Cook column: Shoptalk on weather and comments
Our friends at AccuWeather have chosen another source for information in the Post’s daily weather package.
Several readers complained this summer about the disconnect between figures the Post published and what they’d seen with their own eyes. The Post would say “trace of rain” for a day when they had witnessed a steady downpour. Something obviously was amiss.
Some discrepancy is to be expected. One area of the county can get soaked at the same time that another remains dry. For our weather package, Accu-Weather reports only one set of readings, and those figures were coming from a Web site in Salisbury.
The apparatus from which those readings came apparently has deteriorated; several times this year the information was way off.
I have discussed this more than once with AccuWeather, with whom we have a contract. When the downpour that flooded Innes Street in August showed up as less than 2 inches of rain, people at AccuWeather agreed that something had to change.
The Post pays Accuweather for the complete weather package that appears in the paper ó maps, forecasts, lake levels, almanac and all. We don’t record any weather measurements ourselves at the Post. We depend on Accuweather to find reliable sources.
Years ago the Post bought weather-monitoring equipment and installed it on the roof of our building. A staff member took readings from a console in the newsroom each morning to report in that day’s paper, back when the Post was an afternoon paper. That’s about as up-to-date as a printed publication can be.
After many years, that machine’s readings became suspect, too. Rather than get a new weather station and continue maintaining it ó weather and pigeons take a toll on delicate equipment ó we signed on with AccuWeather.
In bigger cities, services like Accuweather can depend on airports or the National Weather Service for reliable reports. Here in Rowan, consistently accurate sources have been hard to find. At our request, AccuWeather has changed sources two or three times after we had a run of inaccurate reports. I won’t point fingers; we know how difficult maintaining such equipment can be.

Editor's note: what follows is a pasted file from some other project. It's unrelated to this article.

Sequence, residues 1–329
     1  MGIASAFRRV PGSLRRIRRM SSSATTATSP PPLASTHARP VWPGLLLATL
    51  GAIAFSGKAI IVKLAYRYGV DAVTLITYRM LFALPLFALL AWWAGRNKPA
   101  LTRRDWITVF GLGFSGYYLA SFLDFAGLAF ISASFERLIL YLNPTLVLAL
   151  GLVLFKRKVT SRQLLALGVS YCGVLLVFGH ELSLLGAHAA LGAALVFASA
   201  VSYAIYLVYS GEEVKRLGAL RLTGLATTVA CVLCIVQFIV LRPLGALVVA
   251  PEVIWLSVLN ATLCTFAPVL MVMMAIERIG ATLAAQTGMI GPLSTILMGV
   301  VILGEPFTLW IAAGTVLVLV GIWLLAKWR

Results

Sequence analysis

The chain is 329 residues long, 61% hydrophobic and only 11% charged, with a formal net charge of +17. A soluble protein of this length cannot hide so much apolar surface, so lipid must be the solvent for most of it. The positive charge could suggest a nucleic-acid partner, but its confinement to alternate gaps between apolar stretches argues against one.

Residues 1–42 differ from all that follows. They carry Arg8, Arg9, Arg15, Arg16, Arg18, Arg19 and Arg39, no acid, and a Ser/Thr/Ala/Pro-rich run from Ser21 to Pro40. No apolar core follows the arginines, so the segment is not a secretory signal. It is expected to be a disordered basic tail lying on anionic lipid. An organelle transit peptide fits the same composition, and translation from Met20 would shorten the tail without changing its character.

Anyway, now the daily readings in the Post’s Accuweather report come from a station nine miles west-northwest of the city in the National Weather Service’s cooperative observer network. That is the Piedmont Research Station, which has proven to be a very reliable source of information for the Post through the years. AccuWeather has also updated the year-to-date figures with data from the research station.
The readings are taken at 8 a.m. each morning, so the readings in today’s paper reflect the 24-hour period that ended at 8 a.m. yesterday. That is not as fresh as we would like; we will continue seeking more timely measurements. But this information should be accurate. Just keep in mind that it comes from the western side of the county.
Meanwhile, if you want more recent readings from different areas of Rowan, check weather on SalisburyPost.com. That report comes from The Weather Underground, another service, and it lists readings from several volunteer weather watchers around the county, hour by hour.
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Another recent change concerns SalisburyPost.com, our Web site. Users now register to post comments.
It’s easy. The first time you go to post a comment, you’re offered free registration. Click on that button, and you wind up on a page that asks for a username (with no spaces within it) and your e-mail address.
You will be assigned a password, which you can change if you like. Just follow the directions on the screen.
Then, when you post a comment, you’ll be asked for a title to the comment, the comment itself and your name.
Your e-mail address will not appear on the comment and is not available to the public. But requiring commenters to share that information with the Post does bring in a degree of accountability.
Which reminds me, here’s what our site has to say about comments:
“SalisburyPost.com is pleased to offer readers the ability to comment on stories. We expect our readers to engage in lively, yet civil discourse.
“SalisburyPost.com does not edit user submitted statements and we cannot promise that readers will not occasionally find offensive or inaccurate comments posted in the comments area. Responsibility for the statements posted lies with the person submitting the comment, not SalisburyPost.com. If you find a comment that is objectionable, please send us an email to firstname.lastname@example.org with the article title and offensive post’s contents and we will review it for possible removal.
We hope the comment feature at SalisburyPost.com will provide a forum for healthy community debate.
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Elizabeth Cook is editor of the Salisbury Post.